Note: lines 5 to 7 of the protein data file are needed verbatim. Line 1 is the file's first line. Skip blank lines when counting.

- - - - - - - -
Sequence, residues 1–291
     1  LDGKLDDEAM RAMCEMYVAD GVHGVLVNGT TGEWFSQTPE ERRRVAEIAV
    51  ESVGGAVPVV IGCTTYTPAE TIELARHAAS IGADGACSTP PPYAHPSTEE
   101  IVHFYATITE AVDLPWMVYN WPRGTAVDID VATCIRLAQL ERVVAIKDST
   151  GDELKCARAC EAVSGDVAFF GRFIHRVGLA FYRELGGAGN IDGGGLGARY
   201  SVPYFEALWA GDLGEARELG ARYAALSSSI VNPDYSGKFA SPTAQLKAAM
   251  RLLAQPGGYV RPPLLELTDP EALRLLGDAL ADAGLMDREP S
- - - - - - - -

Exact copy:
   151  GDELKCARAC EAVSGDVAFF GRFIHRVGLA FYRELGGAGN IDGGGLGARY
   201  SVPYFEALWA GDLGEARELG ARYAALSSSI VNPDYSGKFA SPTAQLKAAM
   251  RLLAQPGGYV RPPLLELTDP EALRLLGDAL ADAGLMDREP S